By Robert D. Thomas
Pasadena Star-News/San Gabriel Valley Tribune/Whittier Daily News
This article was first published today in the Pasadena Star-News/San Gabriel Valley Tribune/Whittier Daily News.
Los Angeles Philharmonic Orchestra; John Williams, conductor
Fri., Aug. 29 and Sat., Aug. 30; 8:30 p.m.
Hollywood Bowl Orchestra; David Newman, conductor
Sun., Sept. 1; 7:30 p.m.
Hollywood Bowl; 2301 N. Highland Ave., Hollywood
Information: 323/850-2000; www.hollywoodbowl.com
Have you ever watched a motion picture without musical accompaniment? Could you? Of course not. From the earliest days of films, music has been an indispensable of movie making and that's the premise of next weekend's programs at Hollywood Bowl.
Friday and Saturday nights, legendary film composer John Williams makes his 30th visit to the Cahuenga Pass amphitheatre for a program of his own music, along with a tribute to the great MGM musicals of the 1930s, '40s and '50s. Sunday evening, composer David Newman leads the Hollywood Bowl Orchestra accompanying film clips from some of the great Warner Brothers movies from that company's 85-year-history.
The 76-year-old Williams, who has won five Academy Awards, three Golden Globes and 17 Grammy awards for his movie scores, will open his program with three works he wrote for the Olympic Games, one of which will accompany a short film (and you thought we'd finished with the Olympics!). He'll also lead excerpts of his own music for Close Encounters of the Third Kind, Hook, Indiana Jones, and Sabrina.
The evenings will conclude with a tribute to George Lucas (with accompanying images) that will include snippets from Jaws, Star Wars, Raiders of the Lost Ark and E.T. The Extra-Terrestrial. Except to see lots of light sabers in the audience.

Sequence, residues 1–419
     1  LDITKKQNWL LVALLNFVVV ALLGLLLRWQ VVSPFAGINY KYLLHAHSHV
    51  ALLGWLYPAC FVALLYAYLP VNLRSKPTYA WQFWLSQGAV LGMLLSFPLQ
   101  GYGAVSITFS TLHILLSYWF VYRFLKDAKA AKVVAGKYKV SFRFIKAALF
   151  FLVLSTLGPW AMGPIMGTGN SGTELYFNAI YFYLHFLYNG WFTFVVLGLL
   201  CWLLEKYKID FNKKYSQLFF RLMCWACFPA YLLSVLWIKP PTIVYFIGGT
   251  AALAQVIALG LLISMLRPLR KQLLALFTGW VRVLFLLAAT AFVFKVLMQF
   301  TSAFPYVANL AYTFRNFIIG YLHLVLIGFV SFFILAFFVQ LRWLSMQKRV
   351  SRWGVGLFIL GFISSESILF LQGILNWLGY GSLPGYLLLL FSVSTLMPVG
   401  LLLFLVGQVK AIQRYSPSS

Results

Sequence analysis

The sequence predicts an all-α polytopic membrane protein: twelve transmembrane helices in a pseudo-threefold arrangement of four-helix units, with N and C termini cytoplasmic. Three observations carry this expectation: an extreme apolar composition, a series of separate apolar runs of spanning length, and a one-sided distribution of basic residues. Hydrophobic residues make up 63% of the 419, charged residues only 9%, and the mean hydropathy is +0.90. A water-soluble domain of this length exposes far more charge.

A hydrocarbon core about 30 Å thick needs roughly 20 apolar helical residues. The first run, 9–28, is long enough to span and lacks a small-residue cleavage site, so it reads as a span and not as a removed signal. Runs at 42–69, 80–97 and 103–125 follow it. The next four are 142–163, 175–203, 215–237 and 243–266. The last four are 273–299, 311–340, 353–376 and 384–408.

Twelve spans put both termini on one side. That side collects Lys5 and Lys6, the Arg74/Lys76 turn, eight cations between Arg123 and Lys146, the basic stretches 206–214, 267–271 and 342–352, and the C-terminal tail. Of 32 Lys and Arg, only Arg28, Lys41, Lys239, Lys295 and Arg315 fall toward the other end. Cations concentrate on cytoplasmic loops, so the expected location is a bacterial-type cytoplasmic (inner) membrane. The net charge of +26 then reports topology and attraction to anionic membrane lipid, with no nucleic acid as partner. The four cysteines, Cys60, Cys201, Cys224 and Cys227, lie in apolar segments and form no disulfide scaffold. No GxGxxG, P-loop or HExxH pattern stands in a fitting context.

As he has done in recent years, Williams will showcase music from Hollywood's "Golden Age," in this case, the movies of director/choreographer Stanley Donen (the 84-year-old director is scheduled to be in attendance). The tribute, with images projected on the Bowl's large screens, will feature selections from Royal Wedding, Seven Brides for Seven Brothers, It's Always Fair Weather, Anchors Aweigh, and Donen's most famous picture, Singin' In the Rain.
Sunday's Warner Bros. retrospective appears, on paper, to be an interesting mélange of music by Erich Wolfgang Korngold, Max Steiner and others who achieved movie music stardom at the studio. Movies and music ranging from Casablanca to The Dark Knight will also be on the evening's agenda with images again projected on the Bowl's large video screens. Even Williams shows up on the program; although he hasn't scored many WB films, the exceprt Quidditch, from Harry Potter and the Sorcerer's Stone, is among the scenes tentatively listed.
In both programs, part of the fun is watching how well Williams and Newman will work to synchronize the music to the images being shown. It's something they've done all their lives but to those of us not in the business, it remains both an artistic and technological marvel.
There's also some irony in the fact that David Newman will be conducting Sunday's Warner Bros tribute. His father, Alfred, spent his career at 20th Century Fox, and with 45 Academy Award nominations is tied with Williams for second place on the all-time Oscar nomination list (behind only Walt Disney's 59 nominations).
(c) Copyright 2008, Robert D. Thomas. All rights reserved. Portions may be quoted with attribution.